j∈{1,2}x:Fr:G1×G2

x:Fπjr:Gj

j=1,2x:Frj:Gj

x:F(r1,r

2):G1×G2

j∈{1,2}x:Fr:Gj

x:Finjr:G1+G2

If xdoes not occur in r,wesaythatris a non-recursive constructor term.

Remark. We could have extended the type theory in Section 2.1 with constants

c1,...,c

kand use restricted terms of that theory as constructor terms. Again,

to make the following development more accessible, we stick to the explicit def-

inition given above.

We now extend MLTT with higher inductive types. To this end, we devise a

scheme, whose syntax is similar to the syntax for inductive types in Coq,that

allows us to introduce a new type with data constructors and path constructors.

For this type we then have an elimination rule in form of dependent iteration

(induction) and the corresponding computation rules. Higher inductive types

that can be introduced through this scheme are of a restricted form, in that

we only allow data and path constructors, but no constructors for higher paths.

These are suﬃcient for the present exposition.

Deﬁnition 7. Ahigher inductive type is given according to the following scheme.

Inductive T(B1:Type)...(B:Type):=

|c1:H1[TB

1···B]→TB

1···B

...

|ck:Hk[TB

1···B]→TB

1···B

|p1:(x:A1[TB

1···B]) →t1=r1

...

|pn:(x:An[TB

1···B]) →tn=rn

Here, all Hiand Ajare polynomials that can use B1,...,B

, and all tjand rj

are constructor terms over c1,...,c

kwith x:Ajtj,r

j:T.IfXdoes not occur

in any of the Aj,thenTis called non-recursive and recursive otherwise.

We now give the rules that extend the type theory given in Section 2.1 with

higher inductive types, according to the scheme given in Deﬁnition 7.

Deﬁnition 8 (MLTT with HITs, Introduction Rules). For each instance

Tof the scheme in Deﬁnition 7, we add the following type formation rule to

73

Basold H., Geuvers H., van der Weide N.: Higher Inductive Types ...

those of MLTT.

ΓB1:Type ··· ΓB:Type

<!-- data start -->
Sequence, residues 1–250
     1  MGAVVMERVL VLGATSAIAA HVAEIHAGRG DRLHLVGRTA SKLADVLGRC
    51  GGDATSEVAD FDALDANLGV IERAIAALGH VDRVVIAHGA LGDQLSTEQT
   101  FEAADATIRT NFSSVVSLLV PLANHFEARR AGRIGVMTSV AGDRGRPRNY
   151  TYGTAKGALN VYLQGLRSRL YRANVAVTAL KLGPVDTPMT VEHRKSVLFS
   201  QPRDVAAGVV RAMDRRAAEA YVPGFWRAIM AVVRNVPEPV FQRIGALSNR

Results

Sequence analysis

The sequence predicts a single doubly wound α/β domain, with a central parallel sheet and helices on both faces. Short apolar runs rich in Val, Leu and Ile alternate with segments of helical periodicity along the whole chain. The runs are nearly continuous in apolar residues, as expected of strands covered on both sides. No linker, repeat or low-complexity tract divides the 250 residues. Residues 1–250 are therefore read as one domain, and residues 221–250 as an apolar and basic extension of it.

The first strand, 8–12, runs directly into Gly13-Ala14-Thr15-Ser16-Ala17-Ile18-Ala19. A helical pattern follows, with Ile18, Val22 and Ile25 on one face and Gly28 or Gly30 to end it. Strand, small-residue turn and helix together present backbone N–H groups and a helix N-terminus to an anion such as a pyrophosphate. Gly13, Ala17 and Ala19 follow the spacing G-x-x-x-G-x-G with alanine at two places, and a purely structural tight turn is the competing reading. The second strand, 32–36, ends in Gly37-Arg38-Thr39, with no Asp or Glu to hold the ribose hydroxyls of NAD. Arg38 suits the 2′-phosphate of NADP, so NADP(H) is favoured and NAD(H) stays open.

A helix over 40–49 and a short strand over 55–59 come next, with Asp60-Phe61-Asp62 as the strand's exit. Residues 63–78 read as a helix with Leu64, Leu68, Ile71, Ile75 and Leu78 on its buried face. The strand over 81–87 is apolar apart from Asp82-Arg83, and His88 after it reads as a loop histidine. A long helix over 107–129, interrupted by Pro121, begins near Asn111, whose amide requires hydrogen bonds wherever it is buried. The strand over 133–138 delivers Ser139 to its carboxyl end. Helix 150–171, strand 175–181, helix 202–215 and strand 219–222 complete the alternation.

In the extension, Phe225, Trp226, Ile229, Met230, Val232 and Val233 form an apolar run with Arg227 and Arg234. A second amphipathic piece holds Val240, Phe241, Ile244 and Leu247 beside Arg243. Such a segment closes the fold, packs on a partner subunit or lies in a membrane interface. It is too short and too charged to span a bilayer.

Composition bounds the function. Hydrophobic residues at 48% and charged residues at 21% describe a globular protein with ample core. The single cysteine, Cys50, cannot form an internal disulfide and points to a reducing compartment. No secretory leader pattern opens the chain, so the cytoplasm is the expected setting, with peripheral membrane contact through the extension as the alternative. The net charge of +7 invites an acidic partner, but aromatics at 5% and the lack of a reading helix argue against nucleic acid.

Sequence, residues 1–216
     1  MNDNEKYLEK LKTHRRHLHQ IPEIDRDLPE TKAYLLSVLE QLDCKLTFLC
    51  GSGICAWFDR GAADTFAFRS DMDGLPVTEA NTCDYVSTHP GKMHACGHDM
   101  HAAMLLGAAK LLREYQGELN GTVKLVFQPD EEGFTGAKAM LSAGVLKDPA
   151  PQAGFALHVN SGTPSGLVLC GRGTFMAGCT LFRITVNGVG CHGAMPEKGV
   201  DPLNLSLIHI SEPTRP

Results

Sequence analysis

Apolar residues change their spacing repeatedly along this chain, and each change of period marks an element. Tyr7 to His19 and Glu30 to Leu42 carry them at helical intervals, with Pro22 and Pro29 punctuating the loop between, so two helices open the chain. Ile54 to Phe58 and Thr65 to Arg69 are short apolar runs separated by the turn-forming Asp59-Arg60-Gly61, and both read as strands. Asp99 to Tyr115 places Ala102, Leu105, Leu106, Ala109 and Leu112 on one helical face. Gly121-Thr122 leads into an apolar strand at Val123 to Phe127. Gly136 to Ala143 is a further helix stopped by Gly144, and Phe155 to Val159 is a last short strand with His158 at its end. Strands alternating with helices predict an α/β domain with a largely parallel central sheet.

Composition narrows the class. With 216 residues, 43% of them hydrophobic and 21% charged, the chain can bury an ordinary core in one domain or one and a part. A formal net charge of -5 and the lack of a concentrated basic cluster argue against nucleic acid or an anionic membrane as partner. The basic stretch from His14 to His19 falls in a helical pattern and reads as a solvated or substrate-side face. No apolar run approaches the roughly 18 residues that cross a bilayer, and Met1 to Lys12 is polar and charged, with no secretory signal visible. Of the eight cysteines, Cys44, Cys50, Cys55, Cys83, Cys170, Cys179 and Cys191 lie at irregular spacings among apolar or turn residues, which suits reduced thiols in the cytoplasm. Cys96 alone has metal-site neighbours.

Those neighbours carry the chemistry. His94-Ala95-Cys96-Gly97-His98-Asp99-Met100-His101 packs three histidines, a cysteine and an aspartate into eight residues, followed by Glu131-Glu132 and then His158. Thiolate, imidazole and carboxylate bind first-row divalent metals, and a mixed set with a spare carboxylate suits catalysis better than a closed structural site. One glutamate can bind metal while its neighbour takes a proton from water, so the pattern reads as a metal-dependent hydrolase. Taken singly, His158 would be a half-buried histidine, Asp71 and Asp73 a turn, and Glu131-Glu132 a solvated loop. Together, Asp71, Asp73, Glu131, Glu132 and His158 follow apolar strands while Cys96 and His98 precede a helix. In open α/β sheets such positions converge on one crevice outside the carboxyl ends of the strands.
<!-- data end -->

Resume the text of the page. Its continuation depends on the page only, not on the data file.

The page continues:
ΓTB

1···B:Type

For the sake of clarity we leave the type parameters in the following out and

just write Tinstead of TB

1···B. The introduction rules for Tare given by the

following data and path constructors.

ΓCtx

Γci:Hi[T]→T

ΓCtx

Γpj:Aj[T]→tj=rj

The dependent elimination rule for higher inductive types provides the in-

duction principle: it allows to construct a term of type (x:T)→Yxfor

Y:T→Type. In the hypothesis of the elimination rule we want to assume

paths between elements of diﬀerent types: the types Y(tj)andY(rj). Concretely

we will assume paths qas follows

q:(x:A)→

t=Y

px r

where pis the path constructor of Tmeaning that p:(x:A)→t=rand

t:Yt

and r:Yr. We need to deﬁne

tby induction on ttostatethishypothesisinthe

elimination rule. This is done in the following deﬁnition.

Deﬁnition 9. Let ci:Hi[X]→Xbe constructors for Twith 1 ≤i≤kas in

Deﬁnition 7. Note that each constructor term x:Fr:Gterm immediately

givesrisetoatermx:F[T]r:G[T]. Given a type family U:T→Type and

terms Γfi:(x:Hi[T]) →Hi(U)x→U(cix) for 1 ≤i≤k, we can deﬁne

Γ, x :F[T],h

x:F(U)xr:G(U)r

by induction in ras follows.

t:=tx:=hxcir:=firr

πjr:=πjr

(r1,r

2):=(r1,r2)

injr:=r

It is straightforward to show that this deﬁnition is type correct.

Lemma 10. The deﬁnition of rin Deﬁnition 9 is type correct, that is, we indeed

have Γ, x :F[T],h

x:F(U)xr:G(U)runder the there given assumptions.

We are now in the position to give the (dependent) elimination rule for higher

inductive types.

74 Basold H., Geuvers H., van der Weide N.: Higher Inductive Types ...

Deﬁnition 11 (MLTT with HITs, Elimination and Computation). For

each instance Tof the scheme in Deﬁnition 7, the following dependent elimina-

tion rule is added to MLTT.

Y:T→Type

Γfi:(x:Hi[T]) →Hi(Y)x→Y(cix)(fori=1,...,k)

Γqj:(x:Aj[T]) →(hx:Aj(Y)x)→

tj=Y

(pjx)rj(for j=1,...,n)

ΓT-rec(f1,...,f

k,q

1,...,q

n):(x:T)→Yx

Note that

tjand rjin the type of qjdepend on all the fithrough Deﬁni-